[LINK] Security tokens

David Lochrin dlochrin at d2.net.au
Thu Nov 15 11:26:45 AEDT 2007

On Thursday 15 November 2007 07:57, Roger Clarke wrote:
> [Embarrassed that I didn't know as much about this as I should, I
> flicked David's RFI on to Steve Wilson.  Steve's a security
> consultant and sometime linker.  I found his answer even more useful
> than Steve Jenkin's pretty good one.]

   Thanks Roger and Steve; that was very interesting.

   One bank, to take an example, only requests a token password when a user first establishes a session so a man-in-the-middle (MIM) attacker could presumably hijack the session after that point and take their time to do what they pleased.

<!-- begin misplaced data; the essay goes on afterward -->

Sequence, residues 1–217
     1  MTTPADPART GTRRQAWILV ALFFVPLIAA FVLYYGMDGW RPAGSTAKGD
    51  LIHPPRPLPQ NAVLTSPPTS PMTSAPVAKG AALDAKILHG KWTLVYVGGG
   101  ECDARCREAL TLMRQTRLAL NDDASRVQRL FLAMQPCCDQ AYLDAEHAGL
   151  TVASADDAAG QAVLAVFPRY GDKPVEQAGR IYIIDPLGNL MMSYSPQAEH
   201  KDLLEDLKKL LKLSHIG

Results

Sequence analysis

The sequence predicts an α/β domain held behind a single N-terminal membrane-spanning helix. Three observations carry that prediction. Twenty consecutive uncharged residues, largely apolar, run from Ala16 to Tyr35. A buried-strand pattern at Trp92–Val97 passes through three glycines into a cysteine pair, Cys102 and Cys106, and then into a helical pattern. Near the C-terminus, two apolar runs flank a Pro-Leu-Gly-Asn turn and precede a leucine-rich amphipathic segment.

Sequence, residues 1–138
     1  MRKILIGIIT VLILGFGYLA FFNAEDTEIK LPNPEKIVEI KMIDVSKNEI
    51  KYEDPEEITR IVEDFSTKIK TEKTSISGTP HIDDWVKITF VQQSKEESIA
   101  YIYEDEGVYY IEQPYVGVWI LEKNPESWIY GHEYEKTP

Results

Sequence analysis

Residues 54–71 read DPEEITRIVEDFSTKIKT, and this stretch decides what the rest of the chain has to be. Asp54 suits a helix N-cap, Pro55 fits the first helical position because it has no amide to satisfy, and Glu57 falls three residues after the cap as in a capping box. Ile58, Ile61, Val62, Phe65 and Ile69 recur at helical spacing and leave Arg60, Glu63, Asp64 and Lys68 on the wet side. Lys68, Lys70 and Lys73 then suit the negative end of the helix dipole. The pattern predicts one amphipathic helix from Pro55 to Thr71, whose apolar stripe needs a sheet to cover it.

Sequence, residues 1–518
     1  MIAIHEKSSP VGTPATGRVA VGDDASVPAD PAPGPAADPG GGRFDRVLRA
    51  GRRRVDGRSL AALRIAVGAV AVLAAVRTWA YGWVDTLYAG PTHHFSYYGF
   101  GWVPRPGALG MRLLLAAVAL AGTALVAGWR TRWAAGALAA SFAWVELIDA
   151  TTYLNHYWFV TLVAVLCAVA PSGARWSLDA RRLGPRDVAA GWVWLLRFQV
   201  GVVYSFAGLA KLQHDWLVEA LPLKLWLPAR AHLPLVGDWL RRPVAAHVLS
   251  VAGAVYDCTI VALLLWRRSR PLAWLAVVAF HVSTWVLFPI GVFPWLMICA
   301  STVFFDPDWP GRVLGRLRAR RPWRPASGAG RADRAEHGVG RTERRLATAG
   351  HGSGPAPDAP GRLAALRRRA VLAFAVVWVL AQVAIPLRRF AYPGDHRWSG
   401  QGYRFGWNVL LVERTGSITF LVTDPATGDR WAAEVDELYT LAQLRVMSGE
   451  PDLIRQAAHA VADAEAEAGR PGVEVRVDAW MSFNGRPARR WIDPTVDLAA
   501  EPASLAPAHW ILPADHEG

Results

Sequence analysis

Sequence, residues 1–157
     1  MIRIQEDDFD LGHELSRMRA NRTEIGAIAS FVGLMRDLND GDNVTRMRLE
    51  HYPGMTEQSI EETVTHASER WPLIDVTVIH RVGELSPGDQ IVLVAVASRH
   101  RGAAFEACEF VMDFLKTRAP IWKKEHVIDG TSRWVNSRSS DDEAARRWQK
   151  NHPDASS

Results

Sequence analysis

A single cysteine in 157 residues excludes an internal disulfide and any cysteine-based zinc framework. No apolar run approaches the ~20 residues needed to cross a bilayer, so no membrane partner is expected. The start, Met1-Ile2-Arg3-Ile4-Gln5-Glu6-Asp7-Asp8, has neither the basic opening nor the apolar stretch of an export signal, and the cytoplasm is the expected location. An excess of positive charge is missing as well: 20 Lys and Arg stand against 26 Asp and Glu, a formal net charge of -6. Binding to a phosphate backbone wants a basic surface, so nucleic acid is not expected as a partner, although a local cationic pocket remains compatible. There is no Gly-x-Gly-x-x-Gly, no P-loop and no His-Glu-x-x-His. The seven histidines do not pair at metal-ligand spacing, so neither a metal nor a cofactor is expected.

It would be much better to request a token password when committing any "sensitive" (involving transfer of funds) transaction because the password could then be tied to the particular transaction.  It would have to be entered at a point in the user dialogue where the server asks for confirmation of a transaction it has already set up.

   Having said that, I think all banks would use an SSL connection for the full duration of each browser session and I believe SSL provides good protection against MIM attacks.  Even so, use of token passwords when committing sensitive transactions would probably circumvent more sophisticated MIM attacks mediated by malware in a user's computer, if that's possible.

   In the past, at least, I know of one share-trading institution which only used SSL during the authentication phase.


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